Donald Trump Jr. took a roasting on Twitter on Tuesday — and users didn’t need 280 characters to do it.
The son of the President of the United States weighed in on the social media platform’s newly expanded 280-character limit, suggesting that it might not be an entirely positive development and offering a possible “compromise” to the policy.
“.@Twitter how about a compromise… you give everybody ONE 280 character a day? 140 was an art form, 280 is everyone’s chance to write their Gettysburg Address that no one wants to actually read,” Trump Jr. wrote.
Trump Jr. was far from alone in his sentiment that longer tweets might be a bad idea. However, perhaps given his father’s penchant for making bold and sometimes bewildering statements via Twitter, he was singled out for criticism over his criticism.
At least one Twitter user suggested that Trump Jr. might not welcome the expanded character limit out of concern for how his father might employ it.
“Nah, he’s more worried for daddy don. to tweet that much, donnie sr would have to use *every* word in his vocabulary, some more than once,” the commenter wrote.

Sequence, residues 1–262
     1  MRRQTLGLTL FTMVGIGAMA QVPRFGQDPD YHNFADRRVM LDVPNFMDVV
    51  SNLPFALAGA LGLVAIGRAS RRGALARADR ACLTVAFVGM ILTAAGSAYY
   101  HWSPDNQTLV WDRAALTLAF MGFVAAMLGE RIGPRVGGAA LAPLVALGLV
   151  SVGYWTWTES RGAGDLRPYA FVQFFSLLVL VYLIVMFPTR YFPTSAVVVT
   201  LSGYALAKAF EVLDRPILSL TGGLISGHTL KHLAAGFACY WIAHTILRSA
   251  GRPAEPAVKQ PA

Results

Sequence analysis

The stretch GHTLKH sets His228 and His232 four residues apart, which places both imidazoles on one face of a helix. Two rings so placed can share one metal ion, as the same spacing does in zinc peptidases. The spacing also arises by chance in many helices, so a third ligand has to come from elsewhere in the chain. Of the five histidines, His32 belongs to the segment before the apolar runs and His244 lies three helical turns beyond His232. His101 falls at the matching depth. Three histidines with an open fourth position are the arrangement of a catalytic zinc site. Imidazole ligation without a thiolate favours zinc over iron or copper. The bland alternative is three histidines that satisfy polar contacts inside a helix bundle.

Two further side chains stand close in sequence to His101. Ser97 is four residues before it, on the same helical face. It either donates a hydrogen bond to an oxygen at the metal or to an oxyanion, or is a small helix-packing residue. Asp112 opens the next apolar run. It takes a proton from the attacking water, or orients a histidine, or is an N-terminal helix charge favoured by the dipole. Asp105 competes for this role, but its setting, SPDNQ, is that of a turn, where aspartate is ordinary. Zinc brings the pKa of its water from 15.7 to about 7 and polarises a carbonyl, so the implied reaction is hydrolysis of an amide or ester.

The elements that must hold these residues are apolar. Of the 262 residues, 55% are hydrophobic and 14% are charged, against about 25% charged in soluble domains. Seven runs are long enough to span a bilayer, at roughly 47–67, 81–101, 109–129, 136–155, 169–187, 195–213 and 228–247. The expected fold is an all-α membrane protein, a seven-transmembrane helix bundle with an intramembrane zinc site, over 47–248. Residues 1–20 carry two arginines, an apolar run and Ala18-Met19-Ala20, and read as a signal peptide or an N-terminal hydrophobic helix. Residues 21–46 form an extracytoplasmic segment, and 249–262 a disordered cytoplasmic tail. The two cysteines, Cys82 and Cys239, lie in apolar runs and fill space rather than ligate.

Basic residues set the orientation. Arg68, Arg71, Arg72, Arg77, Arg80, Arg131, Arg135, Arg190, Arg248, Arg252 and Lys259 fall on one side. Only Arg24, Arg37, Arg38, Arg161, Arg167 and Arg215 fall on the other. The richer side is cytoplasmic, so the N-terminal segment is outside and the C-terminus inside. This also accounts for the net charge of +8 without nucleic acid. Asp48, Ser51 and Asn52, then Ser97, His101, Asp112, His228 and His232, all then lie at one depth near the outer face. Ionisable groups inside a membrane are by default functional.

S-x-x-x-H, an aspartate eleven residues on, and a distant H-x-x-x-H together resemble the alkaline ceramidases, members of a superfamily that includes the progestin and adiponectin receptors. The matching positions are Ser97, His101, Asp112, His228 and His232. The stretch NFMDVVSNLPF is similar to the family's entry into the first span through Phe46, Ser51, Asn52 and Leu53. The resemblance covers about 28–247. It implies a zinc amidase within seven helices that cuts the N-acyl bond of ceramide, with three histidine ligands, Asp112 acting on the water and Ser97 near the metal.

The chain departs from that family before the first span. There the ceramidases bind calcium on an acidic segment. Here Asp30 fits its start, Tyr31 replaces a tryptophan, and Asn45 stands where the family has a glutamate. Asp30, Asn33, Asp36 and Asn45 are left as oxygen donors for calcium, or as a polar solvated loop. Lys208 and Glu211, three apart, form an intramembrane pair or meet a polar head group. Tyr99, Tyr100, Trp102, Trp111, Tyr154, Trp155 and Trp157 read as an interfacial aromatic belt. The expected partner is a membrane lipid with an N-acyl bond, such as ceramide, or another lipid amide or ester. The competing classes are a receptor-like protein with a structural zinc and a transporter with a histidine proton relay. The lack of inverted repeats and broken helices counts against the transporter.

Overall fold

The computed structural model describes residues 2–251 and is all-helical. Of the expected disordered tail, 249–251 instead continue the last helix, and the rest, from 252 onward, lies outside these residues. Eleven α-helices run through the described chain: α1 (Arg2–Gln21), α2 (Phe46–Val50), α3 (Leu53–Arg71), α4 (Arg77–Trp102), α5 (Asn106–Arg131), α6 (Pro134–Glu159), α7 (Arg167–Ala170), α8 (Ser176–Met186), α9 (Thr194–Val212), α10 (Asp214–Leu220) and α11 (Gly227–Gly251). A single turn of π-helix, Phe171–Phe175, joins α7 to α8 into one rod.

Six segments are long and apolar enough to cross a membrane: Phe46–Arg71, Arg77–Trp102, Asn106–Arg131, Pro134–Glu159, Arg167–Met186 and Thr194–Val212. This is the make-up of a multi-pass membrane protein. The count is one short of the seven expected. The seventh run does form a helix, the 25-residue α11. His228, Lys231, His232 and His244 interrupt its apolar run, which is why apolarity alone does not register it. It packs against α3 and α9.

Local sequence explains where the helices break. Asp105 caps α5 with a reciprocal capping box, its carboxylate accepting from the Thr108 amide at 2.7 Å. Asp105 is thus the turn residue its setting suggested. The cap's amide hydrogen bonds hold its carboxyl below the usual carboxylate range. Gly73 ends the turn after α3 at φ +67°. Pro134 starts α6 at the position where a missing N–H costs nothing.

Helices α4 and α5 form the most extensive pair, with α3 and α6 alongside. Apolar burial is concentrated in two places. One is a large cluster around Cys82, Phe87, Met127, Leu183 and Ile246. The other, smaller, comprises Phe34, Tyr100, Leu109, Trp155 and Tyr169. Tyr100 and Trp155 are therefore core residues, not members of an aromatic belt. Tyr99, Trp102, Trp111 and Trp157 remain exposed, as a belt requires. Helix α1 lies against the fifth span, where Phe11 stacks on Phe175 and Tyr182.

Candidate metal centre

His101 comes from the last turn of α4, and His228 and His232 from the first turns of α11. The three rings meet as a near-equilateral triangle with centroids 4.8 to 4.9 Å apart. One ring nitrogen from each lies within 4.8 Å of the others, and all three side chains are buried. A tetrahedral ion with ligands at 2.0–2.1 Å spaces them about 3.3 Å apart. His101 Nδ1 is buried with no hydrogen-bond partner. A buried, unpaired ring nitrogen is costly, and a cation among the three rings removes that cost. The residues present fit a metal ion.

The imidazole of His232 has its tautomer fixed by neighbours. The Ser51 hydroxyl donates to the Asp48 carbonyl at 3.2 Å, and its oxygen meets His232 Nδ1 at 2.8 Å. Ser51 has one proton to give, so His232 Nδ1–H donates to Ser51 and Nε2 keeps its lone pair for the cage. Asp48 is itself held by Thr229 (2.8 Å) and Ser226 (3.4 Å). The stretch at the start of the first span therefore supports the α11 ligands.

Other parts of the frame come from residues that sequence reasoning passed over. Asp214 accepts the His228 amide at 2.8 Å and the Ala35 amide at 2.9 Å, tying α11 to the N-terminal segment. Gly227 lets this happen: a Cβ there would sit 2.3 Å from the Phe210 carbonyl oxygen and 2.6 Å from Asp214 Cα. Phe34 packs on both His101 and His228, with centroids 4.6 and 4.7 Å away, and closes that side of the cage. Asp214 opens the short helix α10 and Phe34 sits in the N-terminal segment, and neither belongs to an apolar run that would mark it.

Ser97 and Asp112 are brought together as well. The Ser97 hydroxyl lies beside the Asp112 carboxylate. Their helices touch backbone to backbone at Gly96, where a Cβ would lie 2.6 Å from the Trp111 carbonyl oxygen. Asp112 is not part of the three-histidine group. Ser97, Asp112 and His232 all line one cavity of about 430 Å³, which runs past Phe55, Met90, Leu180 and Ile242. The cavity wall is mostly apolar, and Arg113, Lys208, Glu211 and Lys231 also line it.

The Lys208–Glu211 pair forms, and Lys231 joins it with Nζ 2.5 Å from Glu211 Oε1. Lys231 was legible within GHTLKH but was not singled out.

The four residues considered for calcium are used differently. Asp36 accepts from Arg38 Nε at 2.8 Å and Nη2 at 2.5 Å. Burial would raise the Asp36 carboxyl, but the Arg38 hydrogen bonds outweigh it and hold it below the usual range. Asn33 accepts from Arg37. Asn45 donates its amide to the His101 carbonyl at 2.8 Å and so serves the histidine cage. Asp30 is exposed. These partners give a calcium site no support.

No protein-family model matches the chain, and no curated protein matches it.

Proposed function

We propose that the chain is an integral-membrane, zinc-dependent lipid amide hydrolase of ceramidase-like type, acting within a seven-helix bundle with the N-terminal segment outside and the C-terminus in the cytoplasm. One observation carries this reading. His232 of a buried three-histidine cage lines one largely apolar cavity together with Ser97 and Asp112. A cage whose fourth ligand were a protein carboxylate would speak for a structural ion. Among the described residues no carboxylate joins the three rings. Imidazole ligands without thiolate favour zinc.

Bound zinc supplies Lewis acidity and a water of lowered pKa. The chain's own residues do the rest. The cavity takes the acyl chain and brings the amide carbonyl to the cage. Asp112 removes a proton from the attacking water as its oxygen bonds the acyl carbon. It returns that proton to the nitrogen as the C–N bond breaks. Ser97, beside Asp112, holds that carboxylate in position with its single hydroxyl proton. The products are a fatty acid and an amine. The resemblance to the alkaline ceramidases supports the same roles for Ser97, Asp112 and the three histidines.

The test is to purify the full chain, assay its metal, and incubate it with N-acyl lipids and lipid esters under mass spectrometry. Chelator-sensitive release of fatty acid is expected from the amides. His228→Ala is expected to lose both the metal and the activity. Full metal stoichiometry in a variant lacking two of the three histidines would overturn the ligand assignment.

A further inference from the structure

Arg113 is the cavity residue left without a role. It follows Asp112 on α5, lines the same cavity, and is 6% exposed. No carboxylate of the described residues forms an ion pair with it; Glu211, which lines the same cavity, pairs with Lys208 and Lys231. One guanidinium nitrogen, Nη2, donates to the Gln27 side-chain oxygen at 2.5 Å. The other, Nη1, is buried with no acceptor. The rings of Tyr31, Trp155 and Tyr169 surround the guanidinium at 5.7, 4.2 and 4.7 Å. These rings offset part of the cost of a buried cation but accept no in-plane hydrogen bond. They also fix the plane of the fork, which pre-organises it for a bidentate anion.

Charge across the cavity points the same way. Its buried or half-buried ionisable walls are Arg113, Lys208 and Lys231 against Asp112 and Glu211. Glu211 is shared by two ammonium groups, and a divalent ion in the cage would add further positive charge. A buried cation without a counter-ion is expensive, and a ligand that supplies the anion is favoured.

“Junior, maybe this is a good year to get daddy a vocabulary book for Christmas? Also, you too..,” wrote another responder.
“Your father’s Gettysburg address would read… ‘Four me and seven me ago, I me me I me the greatest me I’ve ever me I I me,” another response offered.
“You should read the #GettysburgAddress sometime. VERY presidential! Not once does Abraham Lincoln mention a ‘Lincoln Property’ ‘Lincoln Tower’ or ‘Golf Property’ during a speech in ANOTHER COUNTRY’S PARLIAMENT ASSEMBLY!!” read an apparent reference to Trump Sr.’s golf club-touting speech in South Korea on Tuesday. “#Shame.”
“Teach your Daddy how to pronounce Peninsula correctly,” another tweet suggested to Trump Jr.
“@Twitter how about deleting the accounts of those under, or about to be, investigation for treason?” read another possibly helpful suggestion.
And then there was, simply, “How about you go pound sand @DonaldJTrumpJr.”
After Twitter extended its character limit from 140 to 280 on Tuesday, a number of users weighed in on the shift with occasionally humorous tweets, including CNN personality Jake Tapper, who used the expanded social-media palette to quote extensively from “The Catcher in the Rye,” “The Great Gatsby” and the Bible’s Genesis.
.@Twitter how about a compromise… you give everybody ONE 280 character a day? 140 was an art form, 280 is everyone’s chance to write their Gettysburg Address that no one wants to actually read.
– Donald Trump Jr. (@DonaldJTrumpJr) November 8, 2017